John Blackmore announced that some of Arnie Champagne's remaining items, including wood and some prototype parts in Doug Fir for a Maloof rocker, are still available for sale. There are also a few miscellaneous plane parts available for free.

For silent auction we have a detail sander, a drill bit sharpener, and 2 pair of Blum slides.


Featured Speaker: Mark Tindley
"Building Tables in the Greene and Greene Style"

Our main speaker, Mark Tindley was introduced by Frank and his talk covered the design and construction of Greene and Greene style furniture. The Greene brothers, Charles and Henry, were architects who mostly designed complete houses, including furniture, in the early 20th century, primarily in California. They set up an office in Pasadena from 1902-1910. Mark illustrated the design characteristics of the Greenes' style with a plant stand…square pegs, cutouts on the lower shelf, swirling grain, rounded edges, and cloud lifts. Mark showed examples of other pieces from the Thorsen house in Berkeley and the Gamble House in Pasadena. The square pegs were mostly purely decorative and had no structural function. The pegs were made of dark ebony, which contrasted well with the mahogany used in the furniture. The Hall brothers, Peter and John, did the actual woodworking.

Mark then went on to describe the detailed process for the construction of a Honduras mahogany table that he designed using SketchUp. It uses ebony splines and square pegs, curved cloud lifts, and waterfall tapered legs. The shape is based on the golden rectangle dimensions.

SketchUp plan.

SketchUp prints laid out on board.

Marking out cuts.

Plan sheets stuck onto template.

After completion of the SketchUp design, Mark prints out full size templates, which he glues to super refined MDF using type 1 Titebond. After carefully marking all defects with a charcoal white pencil, he lays out each template piece on the raw stock and rough cuts the pieces using the band saw. The pencil shows up well on dark wood and can be easily erased.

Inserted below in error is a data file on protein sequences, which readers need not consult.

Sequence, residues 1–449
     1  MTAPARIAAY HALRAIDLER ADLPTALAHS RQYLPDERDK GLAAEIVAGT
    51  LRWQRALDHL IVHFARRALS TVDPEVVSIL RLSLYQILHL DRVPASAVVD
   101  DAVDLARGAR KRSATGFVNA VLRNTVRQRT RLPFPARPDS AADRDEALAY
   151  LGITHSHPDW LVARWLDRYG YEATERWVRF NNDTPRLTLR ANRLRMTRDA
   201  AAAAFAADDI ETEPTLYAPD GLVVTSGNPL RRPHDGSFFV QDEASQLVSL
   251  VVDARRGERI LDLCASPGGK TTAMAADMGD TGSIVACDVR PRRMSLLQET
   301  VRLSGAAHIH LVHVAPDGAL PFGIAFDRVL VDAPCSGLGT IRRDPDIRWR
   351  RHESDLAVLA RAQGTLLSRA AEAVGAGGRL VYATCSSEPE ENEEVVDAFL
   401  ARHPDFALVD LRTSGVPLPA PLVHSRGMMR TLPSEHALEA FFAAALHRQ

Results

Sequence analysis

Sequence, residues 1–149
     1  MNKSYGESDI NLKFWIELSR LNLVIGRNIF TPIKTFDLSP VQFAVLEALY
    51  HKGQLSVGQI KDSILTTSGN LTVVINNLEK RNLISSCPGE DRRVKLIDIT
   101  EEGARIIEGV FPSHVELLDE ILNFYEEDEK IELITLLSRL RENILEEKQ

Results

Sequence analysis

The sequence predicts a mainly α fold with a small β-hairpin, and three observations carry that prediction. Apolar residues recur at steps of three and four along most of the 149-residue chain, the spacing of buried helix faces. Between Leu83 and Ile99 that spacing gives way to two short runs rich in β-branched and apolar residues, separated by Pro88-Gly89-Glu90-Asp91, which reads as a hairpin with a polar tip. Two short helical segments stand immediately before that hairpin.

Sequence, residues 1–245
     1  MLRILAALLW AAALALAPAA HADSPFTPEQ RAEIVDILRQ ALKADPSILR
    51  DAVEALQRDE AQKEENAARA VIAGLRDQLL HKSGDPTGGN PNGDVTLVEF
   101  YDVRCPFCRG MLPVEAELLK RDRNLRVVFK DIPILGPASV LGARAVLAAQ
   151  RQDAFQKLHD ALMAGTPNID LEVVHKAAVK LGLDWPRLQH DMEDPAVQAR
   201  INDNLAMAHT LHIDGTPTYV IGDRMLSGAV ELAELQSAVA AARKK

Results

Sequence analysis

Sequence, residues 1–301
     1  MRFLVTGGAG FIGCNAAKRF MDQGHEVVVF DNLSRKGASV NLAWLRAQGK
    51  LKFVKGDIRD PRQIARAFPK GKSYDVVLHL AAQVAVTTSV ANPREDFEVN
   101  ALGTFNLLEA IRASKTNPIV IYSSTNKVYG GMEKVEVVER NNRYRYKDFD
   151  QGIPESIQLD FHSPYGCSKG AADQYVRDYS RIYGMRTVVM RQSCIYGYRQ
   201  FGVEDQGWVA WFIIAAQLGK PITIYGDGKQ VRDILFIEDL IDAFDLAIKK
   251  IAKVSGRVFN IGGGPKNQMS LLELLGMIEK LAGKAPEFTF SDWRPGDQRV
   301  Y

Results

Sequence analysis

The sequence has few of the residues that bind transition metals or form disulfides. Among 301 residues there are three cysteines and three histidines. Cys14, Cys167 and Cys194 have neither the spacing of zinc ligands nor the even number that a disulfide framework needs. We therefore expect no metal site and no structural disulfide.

Bandsawing template to approximate size.

Using sanding disc to help shape template.

Lumber lined up for selection.

Checking colour and grain of lumber.

To begin the milling process he uses a #7 Stanley plane to remove the twist in the pieces, using winding sticks to determine where to remove material. Next he removes cups and bows using the same hand plane. He then completes the process using a planer and jointer. He also showed an original design of a feather board he prefers which he makes himself and is easier to use than the typical fingered types. The square peg holes and the spline slots were cut using a hollow chisel mortiser. The breadboard end is held in place with screws in slotted holes to allow for differential wood expansion. The breadboard end spline slot was cut with a 3/8" slot cutter using end stops to limit the length of the cut. The ebony splines were cut using a template jig and fingernail bit on the router. The ends were cut to exact length using a shooting board, which Mark demonstrated for us on the portable workbench he brought to the meeting.